Berenice Bejo (The Artist)
Jessica Chastain (The Help)
Melisa McCarthy (Bridesmaids)
Janet McTeer (Albert Nobbs)
Octavia Spencer (The Help)
What happened to make this category so uncompetitive? I thought from last August that Octavia Spencer would be a strong contender, but I never enivisioned her Mo 'Nique-ing her way through the latter part of the season.
Part of what happened was, the reputable critics decided -- not unreasonably -- that Jessica Chastain's breakout year should be noted. Unhappily, they opted to do this without distinguishing among her several performances. This set up, for the Academy, the obvious move of citing her most widely seen work, in The Help, rather than what I'd single out as her best, in Take Shelter. I certainly doubt she'd have ever won for the latter, but at least it would have set her apart. As it is, she's paired with Spencer the same way Queen Latifah was with Catherine Zeta-Jones: as the clear junior partner, one very unlikely to get votes from those disposed toward the film.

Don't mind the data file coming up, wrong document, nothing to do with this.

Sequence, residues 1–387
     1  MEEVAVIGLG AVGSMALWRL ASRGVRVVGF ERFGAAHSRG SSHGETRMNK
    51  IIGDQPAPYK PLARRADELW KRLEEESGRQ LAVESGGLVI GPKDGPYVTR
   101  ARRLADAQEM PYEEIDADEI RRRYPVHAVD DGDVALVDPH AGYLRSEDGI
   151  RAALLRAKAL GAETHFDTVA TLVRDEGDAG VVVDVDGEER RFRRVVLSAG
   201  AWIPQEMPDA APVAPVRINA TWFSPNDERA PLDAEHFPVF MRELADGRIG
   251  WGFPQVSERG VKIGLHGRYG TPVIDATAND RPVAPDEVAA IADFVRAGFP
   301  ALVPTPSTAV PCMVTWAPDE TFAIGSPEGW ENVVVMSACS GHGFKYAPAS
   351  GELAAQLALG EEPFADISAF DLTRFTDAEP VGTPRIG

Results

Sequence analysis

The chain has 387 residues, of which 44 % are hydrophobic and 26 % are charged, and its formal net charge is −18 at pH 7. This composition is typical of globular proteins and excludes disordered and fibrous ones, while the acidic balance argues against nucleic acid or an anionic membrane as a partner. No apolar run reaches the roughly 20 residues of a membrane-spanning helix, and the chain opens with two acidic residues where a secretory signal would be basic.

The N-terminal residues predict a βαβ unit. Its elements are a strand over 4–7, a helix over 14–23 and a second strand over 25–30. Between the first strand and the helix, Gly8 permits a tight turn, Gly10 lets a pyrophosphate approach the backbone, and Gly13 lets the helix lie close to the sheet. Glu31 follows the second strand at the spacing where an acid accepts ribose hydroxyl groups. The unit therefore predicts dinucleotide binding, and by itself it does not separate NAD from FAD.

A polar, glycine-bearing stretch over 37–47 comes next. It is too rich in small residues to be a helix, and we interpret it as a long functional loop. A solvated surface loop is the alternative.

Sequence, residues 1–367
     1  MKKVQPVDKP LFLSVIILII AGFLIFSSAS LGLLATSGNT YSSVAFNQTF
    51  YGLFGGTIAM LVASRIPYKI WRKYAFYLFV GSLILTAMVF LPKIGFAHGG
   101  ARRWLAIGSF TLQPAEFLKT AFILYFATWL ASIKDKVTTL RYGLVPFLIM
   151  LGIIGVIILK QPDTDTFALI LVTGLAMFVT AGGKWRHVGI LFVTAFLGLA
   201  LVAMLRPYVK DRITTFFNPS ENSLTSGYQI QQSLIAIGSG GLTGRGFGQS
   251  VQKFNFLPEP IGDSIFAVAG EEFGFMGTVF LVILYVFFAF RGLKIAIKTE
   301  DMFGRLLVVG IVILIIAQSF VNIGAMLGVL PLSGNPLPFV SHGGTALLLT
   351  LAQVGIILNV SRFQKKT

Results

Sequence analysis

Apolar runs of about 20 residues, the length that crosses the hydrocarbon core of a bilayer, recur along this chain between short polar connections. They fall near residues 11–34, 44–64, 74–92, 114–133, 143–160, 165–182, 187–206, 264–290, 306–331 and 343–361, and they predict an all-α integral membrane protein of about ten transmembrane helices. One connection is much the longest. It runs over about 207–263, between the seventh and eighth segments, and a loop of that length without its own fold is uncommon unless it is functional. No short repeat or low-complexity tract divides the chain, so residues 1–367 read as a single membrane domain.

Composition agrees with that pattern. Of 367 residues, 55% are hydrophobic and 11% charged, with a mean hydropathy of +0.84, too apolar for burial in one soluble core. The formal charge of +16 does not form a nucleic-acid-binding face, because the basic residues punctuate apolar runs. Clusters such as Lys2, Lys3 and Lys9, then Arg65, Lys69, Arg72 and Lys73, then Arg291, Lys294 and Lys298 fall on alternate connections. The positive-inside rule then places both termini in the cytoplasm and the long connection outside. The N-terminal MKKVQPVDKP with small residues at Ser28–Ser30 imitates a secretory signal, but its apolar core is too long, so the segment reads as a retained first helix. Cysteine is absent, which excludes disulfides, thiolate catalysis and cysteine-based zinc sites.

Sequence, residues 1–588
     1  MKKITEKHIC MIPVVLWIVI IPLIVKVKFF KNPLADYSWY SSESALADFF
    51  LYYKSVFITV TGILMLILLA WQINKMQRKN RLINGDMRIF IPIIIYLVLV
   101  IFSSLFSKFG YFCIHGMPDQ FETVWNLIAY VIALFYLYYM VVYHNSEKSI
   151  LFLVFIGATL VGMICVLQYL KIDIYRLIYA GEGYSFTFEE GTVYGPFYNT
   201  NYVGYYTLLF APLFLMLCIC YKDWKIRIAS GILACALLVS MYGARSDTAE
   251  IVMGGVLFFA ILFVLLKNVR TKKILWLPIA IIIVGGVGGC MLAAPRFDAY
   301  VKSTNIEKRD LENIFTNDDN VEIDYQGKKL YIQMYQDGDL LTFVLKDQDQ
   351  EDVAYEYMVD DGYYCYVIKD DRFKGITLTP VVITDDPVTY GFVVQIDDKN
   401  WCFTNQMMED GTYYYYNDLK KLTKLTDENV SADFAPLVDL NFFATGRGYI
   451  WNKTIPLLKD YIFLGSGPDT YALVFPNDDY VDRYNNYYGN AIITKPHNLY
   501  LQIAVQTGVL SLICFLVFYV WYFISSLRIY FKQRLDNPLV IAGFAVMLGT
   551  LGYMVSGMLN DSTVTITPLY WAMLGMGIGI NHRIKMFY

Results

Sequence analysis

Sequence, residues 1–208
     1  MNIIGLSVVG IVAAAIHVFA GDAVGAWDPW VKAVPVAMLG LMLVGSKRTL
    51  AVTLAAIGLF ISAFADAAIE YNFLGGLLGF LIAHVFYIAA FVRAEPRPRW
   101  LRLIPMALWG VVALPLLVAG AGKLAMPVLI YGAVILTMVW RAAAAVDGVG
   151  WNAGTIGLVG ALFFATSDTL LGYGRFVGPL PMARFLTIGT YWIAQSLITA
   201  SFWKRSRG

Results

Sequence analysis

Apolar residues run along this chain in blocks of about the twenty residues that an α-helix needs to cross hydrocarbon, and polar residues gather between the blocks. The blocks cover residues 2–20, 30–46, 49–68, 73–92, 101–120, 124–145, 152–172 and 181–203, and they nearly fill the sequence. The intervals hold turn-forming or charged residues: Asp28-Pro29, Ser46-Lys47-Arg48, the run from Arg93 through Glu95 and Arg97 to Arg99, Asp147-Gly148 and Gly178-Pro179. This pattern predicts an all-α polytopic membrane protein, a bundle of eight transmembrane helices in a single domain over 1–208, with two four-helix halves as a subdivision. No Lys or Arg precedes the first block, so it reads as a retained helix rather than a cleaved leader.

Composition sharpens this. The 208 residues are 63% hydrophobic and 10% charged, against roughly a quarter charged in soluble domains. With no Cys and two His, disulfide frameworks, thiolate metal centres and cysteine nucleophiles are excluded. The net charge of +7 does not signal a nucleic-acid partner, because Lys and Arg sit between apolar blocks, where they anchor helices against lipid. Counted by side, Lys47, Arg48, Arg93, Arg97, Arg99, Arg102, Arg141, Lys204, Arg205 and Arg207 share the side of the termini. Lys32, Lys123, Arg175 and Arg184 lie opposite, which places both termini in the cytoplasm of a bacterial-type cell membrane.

This critical mass around Chastain also prevented two other praised candidates -- Carey Mulligan and Vanessa Redgrave -- from getting any post-season traction. Janet McTeer is the only one to truly arise from the critics' corner, and her film is such a wee thing that her chances are negligible.
This leaves Berenice Bejo, who mostly acts perky for an hour and a half, and is not in Dujardin's class as far as range or winning over voters, and Melissa McCarthy in a thoroughly Academy-atypical performance. I've heard a few folk wonder if she could be this year's Marisa Tomei, but that misses the point of 1992. Tomei, yes, was the likable female character in a popular comedy, buts she was up against two unhappy middle-aged women in not-very-well-liked films, and two older ladies in corset films. As I see it, Octavia Spencer in her goes-down-easy film is already filling the Marisa Tomei slot. I'd be shocked were she to lose.